Recognizing PTSD in Yourself or a Fellow First Responder
When stress is accepted as part of the job—a badge of honor even—it might be difficult to determine when your mental health could use some help. Maybe you do your job to the best of your ability and numb the pain as needed so you can . . . do your job to the best of your ability. But maybe you’re actually experiencing PTSD.
A few standard symptoms to be on the lookout for:
- Surprising outbursts of anger
- Inability to fall asleep
- Increasing anxiety or thoughts of depression
- A wandering mind that continually introduces flashbacks of traumatic moments
The Substance Abuse and Mental Health Services Administration offers a few off-the-beaten-path symptoms of PTSD as well:
- Watching TV for four hours or more each day
- Obsession over particular worries or concerns
- A complete refusal to think about or discuss prior traumatic events
If these ring true for you or a fellow first responder, and you also find yourself drinking more or using l drugs, it could be that you’re simply trying to cope with PTSD.
We want to remind you: you’re human. You weren’t meant to endure all the things you’ve been made to endure. It’s understandable that you would reach for a substance to help you manage what you’re feeling. But we want to help you find a better way. Interested? Keep reading, friend!
A Caveat About On-The-Job Injuries
Perhaps you’ve endured the same stressors mentioned above but found yourself struggling with addiction after following a different path altogether. After all, emotional pain is not the only one inflicted upon first responders.
Many traumatic events include on-the-job injuries, which lead to prescription pain medication and, sometimes, a reliance on opioids to continue functioning in a physically demanding job. That’s why painkillers have replaced alcohol as the substance most abused by police officers.
First Responders Battling Addiction: Dealing With Shame
In your role as a firefighter, EMT or police officer, you may feel especially discouraged by your substance misuse. After all, you likely entered this field to help others in your community and serve as a role model to the next generation.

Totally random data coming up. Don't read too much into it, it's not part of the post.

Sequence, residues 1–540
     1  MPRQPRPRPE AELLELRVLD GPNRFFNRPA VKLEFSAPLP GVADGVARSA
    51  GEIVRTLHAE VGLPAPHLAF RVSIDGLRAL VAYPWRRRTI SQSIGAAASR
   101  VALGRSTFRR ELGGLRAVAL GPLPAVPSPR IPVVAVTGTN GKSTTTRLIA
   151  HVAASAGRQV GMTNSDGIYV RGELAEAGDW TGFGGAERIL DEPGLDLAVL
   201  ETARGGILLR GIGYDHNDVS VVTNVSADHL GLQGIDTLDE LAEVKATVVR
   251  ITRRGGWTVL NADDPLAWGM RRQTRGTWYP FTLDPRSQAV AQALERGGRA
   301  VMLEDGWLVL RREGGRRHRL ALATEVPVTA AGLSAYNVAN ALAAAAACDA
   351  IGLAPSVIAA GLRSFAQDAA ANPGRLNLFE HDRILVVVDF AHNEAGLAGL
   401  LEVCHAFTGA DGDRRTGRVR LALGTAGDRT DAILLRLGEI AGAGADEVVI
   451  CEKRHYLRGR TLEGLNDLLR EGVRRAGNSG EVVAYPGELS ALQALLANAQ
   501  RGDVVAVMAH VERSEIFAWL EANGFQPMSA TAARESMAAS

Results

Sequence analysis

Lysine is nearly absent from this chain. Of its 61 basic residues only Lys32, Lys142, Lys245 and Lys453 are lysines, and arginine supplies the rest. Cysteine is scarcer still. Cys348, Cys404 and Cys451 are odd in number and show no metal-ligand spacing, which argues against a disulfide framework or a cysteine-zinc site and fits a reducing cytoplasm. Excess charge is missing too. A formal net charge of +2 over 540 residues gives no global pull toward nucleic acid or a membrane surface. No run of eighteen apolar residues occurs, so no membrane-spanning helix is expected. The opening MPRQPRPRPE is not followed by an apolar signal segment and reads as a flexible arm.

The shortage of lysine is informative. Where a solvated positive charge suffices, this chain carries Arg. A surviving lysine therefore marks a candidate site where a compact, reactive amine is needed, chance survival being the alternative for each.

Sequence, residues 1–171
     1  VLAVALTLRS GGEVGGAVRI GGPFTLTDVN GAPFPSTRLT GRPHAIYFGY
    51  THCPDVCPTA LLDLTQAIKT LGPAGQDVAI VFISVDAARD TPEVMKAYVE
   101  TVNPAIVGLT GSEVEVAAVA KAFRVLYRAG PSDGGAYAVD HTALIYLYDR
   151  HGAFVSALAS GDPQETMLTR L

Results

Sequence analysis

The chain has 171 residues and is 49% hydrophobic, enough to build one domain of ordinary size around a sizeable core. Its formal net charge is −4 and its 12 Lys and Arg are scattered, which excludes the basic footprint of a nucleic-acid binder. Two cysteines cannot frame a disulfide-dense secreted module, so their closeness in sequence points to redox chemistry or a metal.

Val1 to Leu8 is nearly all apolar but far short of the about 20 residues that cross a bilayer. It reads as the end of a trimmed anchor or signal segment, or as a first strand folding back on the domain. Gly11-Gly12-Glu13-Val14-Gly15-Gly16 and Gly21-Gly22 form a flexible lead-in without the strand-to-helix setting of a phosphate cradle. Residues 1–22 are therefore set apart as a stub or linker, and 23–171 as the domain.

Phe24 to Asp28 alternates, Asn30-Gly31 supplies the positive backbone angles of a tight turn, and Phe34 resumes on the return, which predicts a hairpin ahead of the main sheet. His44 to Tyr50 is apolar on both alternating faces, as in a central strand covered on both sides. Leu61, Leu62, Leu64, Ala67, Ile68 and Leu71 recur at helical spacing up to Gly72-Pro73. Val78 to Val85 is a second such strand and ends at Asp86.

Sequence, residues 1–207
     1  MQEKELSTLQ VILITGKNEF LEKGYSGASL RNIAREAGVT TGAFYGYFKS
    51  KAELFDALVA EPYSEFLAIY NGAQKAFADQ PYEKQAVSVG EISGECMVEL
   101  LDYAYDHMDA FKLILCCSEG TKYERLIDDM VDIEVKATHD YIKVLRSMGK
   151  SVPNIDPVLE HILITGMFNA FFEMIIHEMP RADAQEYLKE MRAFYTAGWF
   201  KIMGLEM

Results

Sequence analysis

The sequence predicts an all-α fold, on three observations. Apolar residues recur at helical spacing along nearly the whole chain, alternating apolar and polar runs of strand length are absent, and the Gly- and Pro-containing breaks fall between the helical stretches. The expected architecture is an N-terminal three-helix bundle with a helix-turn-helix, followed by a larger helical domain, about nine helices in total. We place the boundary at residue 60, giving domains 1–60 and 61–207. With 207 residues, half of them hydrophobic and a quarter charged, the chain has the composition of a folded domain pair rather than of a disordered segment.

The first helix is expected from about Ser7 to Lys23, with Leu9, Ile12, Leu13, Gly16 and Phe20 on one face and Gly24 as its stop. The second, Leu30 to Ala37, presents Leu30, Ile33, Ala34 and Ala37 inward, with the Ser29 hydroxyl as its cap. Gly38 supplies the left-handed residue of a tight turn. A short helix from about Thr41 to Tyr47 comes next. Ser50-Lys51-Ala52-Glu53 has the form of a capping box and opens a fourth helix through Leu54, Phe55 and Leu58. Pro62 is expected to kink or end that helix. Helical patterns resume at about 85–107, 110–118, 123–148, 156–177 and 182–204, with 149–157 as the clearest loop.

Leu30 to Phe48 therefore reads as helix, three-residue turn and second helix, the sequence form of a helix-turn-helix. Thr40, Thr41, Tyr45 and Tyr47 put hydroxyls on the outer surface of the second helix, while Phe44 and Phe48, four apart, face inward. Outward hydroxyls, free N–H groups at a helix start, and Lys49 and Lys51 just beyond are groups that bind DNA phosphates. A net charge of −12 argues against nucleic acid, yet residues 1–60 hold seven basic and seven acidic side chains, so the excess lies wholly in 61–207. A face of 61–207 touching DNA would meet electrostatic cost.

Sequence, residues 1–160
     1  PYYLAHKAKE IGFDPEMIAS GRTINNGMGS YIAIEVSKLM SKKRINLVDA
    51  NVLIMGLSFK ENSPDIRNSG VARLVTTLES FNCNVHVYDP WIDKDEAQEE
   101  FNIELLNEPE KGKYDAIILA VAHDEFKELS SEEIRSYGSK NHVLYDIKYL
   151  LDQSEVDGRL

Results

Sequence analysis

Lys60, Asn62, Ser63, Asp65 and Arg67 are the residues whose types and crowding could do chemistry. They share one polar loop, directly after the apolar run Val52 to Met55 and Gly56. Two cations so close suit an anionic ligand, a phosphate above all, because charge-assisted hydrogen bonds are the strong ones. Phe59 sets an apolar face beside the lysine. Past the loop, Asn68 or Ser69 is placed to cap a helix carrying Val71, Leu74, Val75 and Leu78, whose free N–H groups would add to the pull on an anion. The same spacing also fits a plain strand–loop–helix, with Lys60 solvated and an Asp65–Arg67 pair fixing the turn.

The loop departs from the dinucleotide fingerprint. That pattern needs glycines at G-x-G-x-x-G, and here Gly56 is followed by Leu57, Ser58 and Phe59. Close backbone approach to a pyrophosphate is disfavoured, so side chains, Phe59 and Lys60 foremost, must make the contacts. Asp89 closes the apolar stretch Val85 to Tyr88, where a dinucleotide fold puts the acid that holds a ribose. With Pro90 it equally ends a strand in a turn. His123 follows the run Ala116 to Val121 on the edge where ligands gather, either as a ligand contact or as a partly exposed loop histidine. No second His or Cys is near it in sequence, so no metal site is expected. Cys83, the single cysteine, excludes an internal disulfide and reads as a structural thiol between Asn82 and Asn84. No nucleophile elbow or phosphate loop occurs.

Still, as we discussed, you’re human. I love the way David Givot, a former paramedic turned lawyer, now a first-responder advocate puts it: “[This] is a superhero’s business made up of flawed, mortal human beings who face the same demons as the rest of society.”
And that’s so true. You deserve the pedestal you are often placed upon, and yet, you’re human, just like the rest of us. And sometimes, we humans really mess up.
Maybe you drink too much. Or you use illegal drugs. Maybe you’ve even stolen pills from a patient during an opportune moment. And I’ll bet the thought really gets you down.
It’s important, though, that you work to reframe your shame into something more productive. After all, as Brene Brown says, “Shame corrodes the very part of us that believes we are capable of change.” In other words, if you simply sit in your shame, you may doubt that there’s a better way forward.
So what should you aim for instead? How about admitting guilt. Explains Brene:
“Shame is ‘I am bad.’ Guilt is ‘I did something bad.’ . . . Shame is highly correlated with addiction, depression . . . Guilt inversely correlated with all those things. The ability to hold something we’ve done or failed to do up against who we want to be is incredibly adaptive . . . it’s uncomfortable, but it’s adaptive.’”
In shame, we are stuck. In simply admitting guilt—even if only to ourselves at first—we have the opportunity to move forward.
Why Reaching Out for Help Is Worth Your Every Effort
The work you do is invaluable—and your community needs you to be at your very best. And you need that for yourself too.
You might be worried about what will happen if you admit your struggles and reach out for help, but of course, you probably also recognize what could happen if you don’t. Your job—and the life of someone in need—could one day hang in the balance.
And you can take heart when considering the scope of our society at large and the way addiction is often handled in first responders today. You can bet your agency is well aware of the stressors you face on a daily basis.
The U.S. Department of Justice states that it is the responsibility of law enforcement agencies to support their officers through counseling, trauma teams and education about substance abuse.
Police departments in San Diego, Los Angeles and Baltimore all created peer support groups in the past 10 years to help other first responders struggling with addiction—with up to one-third of employed officers during that time.
Getting help means you can get your life back—and get back to doing the work you love and that your community so desperately needs.
The Right Step Houston has a program specifically designed to help our first responders shake addiction for good—and learn to cope with the unique stressors you face every day. Give us a call at 844.768.0169 to learn more.
By Stephanie Thomas
Contributing Writer with Promises Behavioral Health